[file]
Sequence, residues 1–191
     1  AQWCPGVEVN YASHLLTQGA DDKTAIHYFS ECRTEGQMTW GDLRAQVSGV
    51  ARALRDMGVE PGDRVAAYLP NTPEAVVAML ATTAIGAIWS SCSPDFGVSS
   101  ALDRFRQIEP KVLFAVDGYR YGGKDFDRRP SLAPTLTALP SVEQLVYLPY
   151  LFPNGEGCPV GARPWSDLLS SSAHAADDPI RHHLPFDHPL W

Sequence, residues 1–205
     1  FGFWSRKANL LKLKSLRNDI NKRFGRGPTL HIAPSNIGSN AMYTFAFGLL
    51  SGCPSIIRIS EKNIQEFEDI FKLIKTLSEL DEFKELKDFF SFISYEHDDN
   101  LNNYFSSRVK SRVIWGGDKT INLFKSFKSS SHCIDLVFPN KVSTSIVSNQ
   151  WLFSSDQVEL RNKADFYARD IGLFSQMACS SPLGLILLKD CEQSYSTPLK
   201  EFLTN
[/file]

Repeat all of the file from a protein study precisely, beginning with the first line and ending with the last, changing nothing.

Sequence, residues 1–191
     1  AQWCPGVEVN YASHLLTQGA DDKTAIHYFS ECRTEGQMTW GDLRAQVSGV
    51  ARALRDMGVE PGDRVAAYLP NTPEAVVAML ATTAIGAIWS SCSPDFGVSS
   101  ALDRFRQIEP KVLFAVDGYR YGGKDFDRRP SLAPTLTALP SVEQLVYLPY
   151  LFPNGEGCPV GARPWSDLLS SSAHAADDPI RHHLPFDHPL W

Sequence, residues 1–205
     1  FGFWSRKANL LKLKSLRNDI NKRFGRGPTL HIAPSNIGSN AMYTFAFGLL
    51  SGCPSIIRIS EKNIQEFEDI FKLIKTLSEL DEFKELKDFF SFISYEHDDN
   101  LNNYFSSRVK SRVIWGGDKT INLFKSFKSS SHCIDLVFPN KVSTSIVSNQ
   151  WLFSSDQVEL RNKADFYARD IGLFSQMACS SPLGLILLKD CEQSYSTPLK
   201  EFLTN